Blogs > Boat Blog > Riverkeeper submits comments on proposed Hudson River anchorages

Riverkeeper submits comments on proposed Hudson River anchorages

‘The public has never spoken so broadly or so loudly’ for the Hudson

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People in the Hudson Valley have spoken up for their river like never before.

The last six months have brought out a unified plea in response to a proposal to dramatically increase designated areas for commercial vessels to drop anchor in the Hudson River.

Almost all of the 10,000+ comments submitted to the U.S. Coast Guard – including those sent by Riverkeeper today – call for rejection of the plan requested by industry to designate 10 new anchorage grounds with a combined 43 berths, occupying over 2,400 acres in the Hudson.

The comments also send a broader message: We are happy that the life in the Hudson River is slowly being restored to health, we are proud of this 50-year-old fight, and we are not willing to take a step back.

“In my experience – and, I believe, in the history of the Hudson Valley – there has never been an outpouring of love and caring for the river such as we have seen in this case,” said John Lipscomb, Riverkeeper’s Patrol Boat Captain and Vice President for Advocacy. “The public has never spoken so broadly or so loudly, with such a unified voice, even in historic battles ranging from Storm King Mountain to GE and its PCBs. I believe this effort, win or lose, will go down in history as a moment that finally galvanized the entire valley to come out and protect the river.”

Today, December 6, was the final day to submit comments on the Coast Guard’s “Advance Notice of Proposed Rulemaking” to establish the new anchorage grounds. The proposed rulemaking was prompted by requests from the Maritime Association of New York/New Jersey’s Tug & Barge Committee and other industry groups.

In a 39-page comment letter, Riverkeeper said any formal proposal that may be issued for anchorage grounds in the Hudson must undergo a comprehensive environmental review – including a full environmental impact statement. Riverkeeper urged the Coast Guard to continue to make every effort to involve the public in this process, including extended comment periods and public hearings in every affected county.

Click here for a PDF of Riverkeeper’s comment letter.

An excerpt:

Centuries of industrial development and pollution have left their mark on the Hudson Valley. Rail lines cutting off marshes run along the River on both sides; tributaries have been dammed, depriving fish of spawning grounds; dredge and fill projects have caused the loss of shallow water habitat; power lines and pipelines (existing and proposed) line the corridor; power plants use river water for cooling, and coal tar contamination persists at manufactured gas terminals. The River remains polluted from a long list of businesses, like Anaconda in Hastings, General Motors in Tarrytown, and General Electric, whose PCB contamination made the Hudson River one of the largest Superfund sites in the nation.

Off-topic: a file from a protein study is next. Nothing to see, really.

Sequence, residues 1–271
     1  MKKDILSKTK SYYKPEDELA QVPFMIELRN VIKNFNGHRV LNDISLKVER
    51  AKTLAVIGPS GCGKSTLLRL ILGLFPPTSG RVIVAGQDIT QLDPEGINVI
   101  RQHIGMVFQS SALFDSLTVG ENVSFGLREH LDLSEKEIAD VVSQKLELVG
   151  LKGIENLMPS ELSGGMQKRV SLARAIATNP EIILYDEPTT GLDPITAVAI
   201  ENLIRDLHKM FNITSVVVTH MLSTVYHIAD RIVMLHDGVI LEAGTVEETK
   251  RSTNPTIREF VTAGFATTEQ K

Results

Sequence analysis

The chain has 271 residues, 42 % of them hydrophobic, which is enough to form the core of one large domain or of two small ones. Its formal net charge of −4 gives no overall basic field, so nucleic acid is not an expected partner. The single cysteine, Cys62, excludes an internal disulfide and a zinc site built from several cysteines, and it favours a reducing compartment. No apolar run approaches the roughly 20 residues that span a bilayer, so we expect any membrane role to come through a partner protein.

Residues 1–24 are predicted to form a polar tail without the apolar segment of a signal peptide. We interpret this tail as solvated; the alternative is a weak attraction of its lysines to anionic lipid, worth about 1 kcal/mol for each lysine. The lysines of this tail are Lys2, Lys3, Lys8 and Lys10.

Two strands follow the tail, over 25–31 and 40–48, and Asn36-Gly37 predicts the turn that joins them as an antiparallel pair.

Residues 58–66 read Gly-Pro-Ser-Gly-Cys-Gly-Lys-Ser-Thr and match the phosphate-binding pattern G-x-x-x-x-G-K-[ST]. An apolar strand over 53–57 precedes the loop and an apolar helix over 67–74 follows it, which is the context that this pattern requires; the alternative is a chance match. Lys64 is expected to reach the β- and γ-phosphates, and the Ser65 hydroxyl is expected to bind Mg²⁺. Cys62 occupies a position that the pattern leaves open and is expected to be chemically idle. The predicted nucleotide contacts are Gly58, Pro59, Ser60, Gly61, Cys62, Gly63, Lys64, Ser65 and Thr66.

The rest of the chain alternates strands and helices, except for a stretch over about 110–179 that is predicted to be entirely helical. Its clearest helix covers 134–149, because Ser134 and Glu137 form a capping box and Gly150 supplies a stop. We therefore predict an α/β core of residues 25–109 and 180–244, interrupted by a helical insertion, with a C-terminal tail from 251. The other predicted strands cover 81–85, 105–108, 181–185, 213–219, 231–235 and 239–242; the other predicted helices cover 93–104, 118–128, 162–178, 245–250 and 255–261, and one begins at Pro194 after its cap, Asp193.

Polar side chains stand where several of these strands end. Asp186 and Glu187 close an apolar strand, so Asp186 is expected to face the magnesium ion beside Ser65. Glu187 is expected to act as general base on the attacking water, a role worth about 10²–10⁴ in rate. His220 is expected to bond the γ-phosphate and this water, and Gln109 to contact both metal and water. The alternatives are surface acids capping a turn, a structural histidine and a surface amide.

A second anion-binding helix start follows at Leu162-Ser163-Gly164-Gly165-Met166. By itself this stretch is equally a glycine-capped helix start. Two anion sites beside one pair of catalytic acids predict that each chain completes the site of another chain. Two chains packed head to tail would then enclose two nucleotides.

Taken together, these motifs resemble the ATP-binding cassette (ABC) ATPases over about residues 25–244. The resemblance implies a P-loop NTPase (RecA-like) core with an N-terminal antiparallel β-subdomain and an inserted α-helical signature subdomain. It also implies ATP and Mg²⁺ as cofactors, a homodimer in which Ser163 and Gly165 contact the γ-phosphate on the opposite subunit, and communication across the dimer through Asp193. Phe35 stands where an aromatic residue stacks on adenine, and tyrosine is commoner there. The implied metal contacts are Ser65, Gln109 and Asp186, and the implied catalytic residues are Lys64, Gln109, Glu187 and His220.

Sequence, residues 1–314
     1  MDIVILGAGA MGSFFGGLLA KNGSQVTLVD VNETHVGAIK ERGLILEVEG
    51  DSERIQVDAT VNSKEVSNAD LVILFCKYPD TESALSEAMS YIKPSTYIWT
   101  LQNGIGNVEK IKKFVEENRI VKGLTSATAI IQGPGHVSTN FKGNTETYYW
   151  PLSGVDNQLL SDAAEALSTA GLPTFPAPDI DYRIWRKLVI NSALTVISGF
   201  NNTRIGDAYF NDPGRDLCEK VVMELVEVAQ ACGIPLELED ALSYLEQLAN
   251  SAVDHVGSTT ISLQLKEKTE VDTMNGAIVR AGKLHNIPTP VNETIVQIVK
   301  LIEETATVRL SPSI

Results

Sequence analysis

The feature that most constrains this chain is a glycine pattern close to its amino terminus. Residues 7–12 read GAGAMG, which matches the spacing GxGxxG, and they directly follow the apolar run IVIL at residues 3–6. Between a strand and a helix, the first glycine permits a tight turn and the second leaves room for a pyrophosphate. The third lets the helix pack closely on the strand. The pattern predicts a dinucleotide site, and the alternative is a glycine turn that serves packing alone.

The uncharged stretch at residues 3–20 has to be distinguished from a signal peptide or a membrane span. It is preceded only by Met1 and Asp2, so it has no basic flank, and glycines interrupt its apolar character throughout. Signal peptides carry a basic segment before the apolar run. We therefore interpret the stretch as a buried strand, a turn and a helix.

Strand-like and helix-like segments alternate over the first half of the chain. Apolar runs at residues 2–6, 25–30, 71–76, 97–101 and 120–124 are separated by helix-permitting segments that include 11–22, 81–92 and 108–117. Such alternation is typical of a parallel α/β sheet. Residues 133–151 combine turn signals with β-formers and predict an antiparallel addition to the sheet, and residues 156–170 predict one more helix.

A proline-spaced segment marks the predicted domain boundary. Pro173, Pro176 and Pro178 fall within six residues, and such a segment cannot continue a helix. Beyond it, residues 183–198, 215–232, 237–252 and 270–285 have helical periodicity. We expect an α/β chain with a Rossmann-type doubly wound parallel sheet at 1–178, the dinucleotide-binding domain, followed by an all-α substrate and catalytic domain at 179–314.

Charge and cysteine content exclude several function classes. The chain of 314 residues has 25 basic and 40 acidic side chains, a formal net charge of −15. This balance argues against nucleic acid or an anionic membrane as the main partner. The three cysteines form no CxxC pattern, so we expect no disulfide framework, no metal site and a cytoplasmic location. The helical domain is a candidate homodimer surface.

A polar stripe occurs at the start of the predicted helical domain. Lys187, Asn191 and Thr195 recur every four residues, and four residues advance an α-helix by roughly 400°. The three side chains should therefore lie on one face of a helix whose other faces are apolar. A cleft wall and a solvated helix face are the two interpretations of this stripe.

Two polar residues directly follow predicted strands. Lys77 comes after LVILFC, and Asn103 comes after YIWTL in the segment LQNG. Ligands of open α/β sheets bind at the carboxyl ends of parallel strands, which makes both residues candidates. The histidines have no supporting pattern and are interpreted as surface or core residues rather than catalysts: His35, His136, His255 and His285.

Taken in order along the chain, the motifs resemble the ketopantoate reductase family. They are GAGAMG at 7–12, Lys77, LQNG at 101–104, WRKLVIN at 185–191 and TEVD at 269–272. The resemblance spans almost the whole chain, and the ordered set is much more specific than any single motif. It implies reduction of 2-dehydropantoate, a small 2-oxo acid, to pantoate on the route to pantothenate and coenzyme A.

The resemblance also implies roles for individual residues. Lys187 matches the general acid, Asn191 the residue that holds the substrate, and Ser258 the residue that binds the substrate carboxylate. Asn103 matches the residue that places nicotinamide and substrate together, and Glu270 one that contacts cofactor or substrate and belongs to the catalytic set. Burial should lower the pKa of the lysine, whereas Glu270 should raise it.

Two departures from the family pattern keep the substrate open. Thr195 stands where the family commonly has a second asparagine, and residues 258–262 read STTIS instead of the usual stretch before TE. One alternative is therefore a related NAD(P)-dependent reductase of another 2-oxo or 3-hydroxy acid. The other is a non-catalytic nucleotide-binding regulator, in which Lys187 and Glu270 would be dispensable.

The proposal to establish new anchorage grounds, and the threat of reindustrialization that comes with it, could undermine decades of progress toward restoring the River and revitalizing Hudson Valley communities. Therefore, Riverkeeper urges the USCG to reject the proposal. Should the USCG choose to proceed, the proposed rule must at least undergo comprehensive environmental review, including a full environmental impact statement.

Executive Summary

At the request of the Maritime Association, the USCG is considering a proposal that would drastically increase the number of authorized anchorage grounds on the Hudson River. The proposal, and the threat of reindustrialization that comes with it, jeopardizes the immense ecological, recreational, and economic value of this great resource.

Riverkeeper respectfully submits the following comments on the proposal to establish new anchorage grounds on the Hudson River:

I. The new anchorage grounds are not necessary for safe navigation. The USCG has the authority to establish new anchorage grounds where necessary for safe navigation. Here, there has been absolutely no justification or demonstration that the new anchorage grounds are actually required for safe navigation on the Hudson River. However, the Maritime Association has clearly indicated that the proposal is being driven by an anticipated, significant increase in crude oil transport. Increased transport of crude oil leads to an increased risk that a devastating oil spill could occur on the Hudson River. In addition to this significant risk, the USCG should consider other navigational risks associated with the proposal in order to determine whether any new anchorage grounds are actually necessary for safe navigation.